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High court could be poised to overturn sodomy law

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    CALLED OUT This is from the Baptist Press, official news service of the strongly anti-gay Southern Baptist Convention. ... High court could be poised to
    Message 1 of 1 , Mar 28, 2003
      CALLED OUT
      This is from the Baptist Press, official news service of the strongly
      anti-gay Southern Baptist Convention.
      ---

      High court could be poised to overturn sodomy law
      Mar 27, 2003
      By Tom Strode

      WASHINGTON (BP)--The U.S. Supreme Court was told by lawyers seeking
      to overturn a Texas law barring homosexual acts that it violates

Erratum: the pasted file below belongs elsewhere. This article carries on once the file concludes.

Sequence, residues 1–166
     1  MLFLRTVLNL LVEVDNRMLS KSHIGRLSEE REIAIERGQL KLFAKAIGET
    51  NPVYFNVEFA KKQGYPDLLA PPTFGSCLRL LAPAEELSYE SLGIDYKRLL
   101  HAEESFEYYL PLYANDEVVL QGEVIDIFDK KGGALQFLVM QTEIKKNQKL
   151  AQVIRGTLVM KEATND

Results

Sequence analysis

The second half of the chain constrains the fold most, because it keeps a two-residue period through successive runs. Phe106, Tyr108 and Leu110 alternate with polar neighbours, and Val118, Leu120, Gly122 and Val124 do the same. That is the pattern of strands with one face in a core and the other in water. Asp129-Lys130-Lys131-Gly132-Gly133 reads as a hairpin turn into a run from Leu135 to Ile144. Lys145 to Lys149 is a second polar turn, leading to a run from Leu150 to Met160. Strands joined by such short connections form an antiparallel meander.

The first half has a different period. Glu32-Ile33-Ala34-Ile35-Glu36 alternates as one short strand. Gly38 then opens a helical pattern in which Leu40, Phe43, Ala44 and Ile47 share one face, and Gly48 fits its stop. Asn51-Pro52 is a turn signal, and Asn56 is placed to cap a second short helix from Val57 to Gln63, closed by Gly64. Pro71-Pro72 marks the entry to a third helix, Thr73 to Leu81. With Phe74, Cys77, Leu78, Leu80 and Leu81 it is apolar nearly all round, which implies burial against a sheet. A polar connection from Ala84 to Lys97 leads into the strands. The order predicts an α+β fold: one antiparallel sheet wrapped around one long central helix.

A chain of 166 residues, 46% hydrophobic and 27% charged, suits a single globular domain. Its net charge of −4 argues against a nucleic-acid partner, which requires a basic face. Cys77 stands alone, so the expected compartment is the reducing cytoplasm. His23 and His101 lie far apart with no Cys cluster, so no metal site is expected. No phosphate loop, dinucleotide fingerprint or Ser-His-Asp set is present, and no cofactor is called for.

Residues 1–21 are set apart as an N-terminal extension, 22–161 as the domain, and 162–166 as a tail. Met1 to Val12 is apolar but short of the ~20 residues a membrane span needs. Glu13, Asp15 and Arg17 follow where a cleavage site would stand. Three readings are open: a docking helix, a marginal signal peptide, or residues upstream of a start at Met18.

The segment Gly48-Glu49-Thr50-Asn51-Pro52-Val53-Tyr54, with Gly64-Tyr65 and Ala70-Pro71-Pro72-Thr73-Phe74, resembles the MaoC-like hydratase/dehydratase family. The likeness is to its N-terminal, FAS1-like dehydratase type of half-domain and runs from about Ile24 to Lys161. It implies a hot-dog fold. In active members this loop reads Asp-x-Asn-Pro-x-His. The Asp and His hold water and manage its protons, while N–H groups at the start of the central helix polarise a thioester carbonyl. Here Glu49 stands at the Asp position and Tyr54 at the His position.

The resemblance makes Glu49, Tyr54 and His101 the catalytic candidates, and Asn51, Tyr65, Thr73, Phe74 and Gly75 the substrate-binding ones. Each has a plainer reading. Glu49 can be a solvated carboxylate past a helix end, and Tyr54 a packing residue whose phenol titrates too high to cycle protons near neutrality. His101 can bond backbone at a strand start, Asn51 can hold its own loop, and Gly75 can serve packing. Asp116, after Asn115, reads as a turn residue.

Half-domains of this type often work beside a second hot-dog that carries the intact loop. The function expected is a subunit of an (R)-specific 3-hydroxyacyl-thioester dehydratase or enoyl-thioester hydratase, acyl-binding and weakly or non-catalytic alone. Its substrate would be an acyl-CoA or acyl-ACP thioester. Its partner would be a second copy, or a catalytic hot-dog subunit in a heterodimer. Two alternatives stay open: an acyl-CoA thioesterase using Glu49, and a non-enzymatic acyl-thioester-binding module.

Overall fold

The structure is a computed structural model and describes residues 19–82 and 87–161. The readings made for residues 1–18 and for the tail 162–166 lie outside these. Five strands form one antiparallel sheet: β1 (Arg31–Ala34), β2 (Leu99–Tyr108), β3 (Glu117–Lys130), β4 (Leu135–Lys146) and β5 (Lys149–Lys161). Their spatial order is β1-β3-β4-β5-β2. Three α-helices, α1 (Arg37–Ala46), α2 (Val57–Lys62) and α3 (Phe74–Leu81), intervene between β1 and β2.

privacy rights and is discriminatory, and supporters of such
      prohibitions fear the justices may agree after March 26 arguments
      before the court.

      The high court heard oral arguments in an appeal of a Texas court
      opinion sustaining a state law banning sexual relations between
      members of the same sex. The lawyer for two Houston homosexual men
      asked the court to overturn a 17-year-old ruling in which the
      justices upheld a Georgia law barring same-sex acts. The justices
      could stop short of revisiting their 1986 decision and still strike
      down the Texas law.

      Opponents of homosexual rights are concerned a ruling against the
      measure would further the attempt to legalize workplace and housing
      rights on the basis of homosexuality, as well as homosexual adoptions
      and same-sex marriage.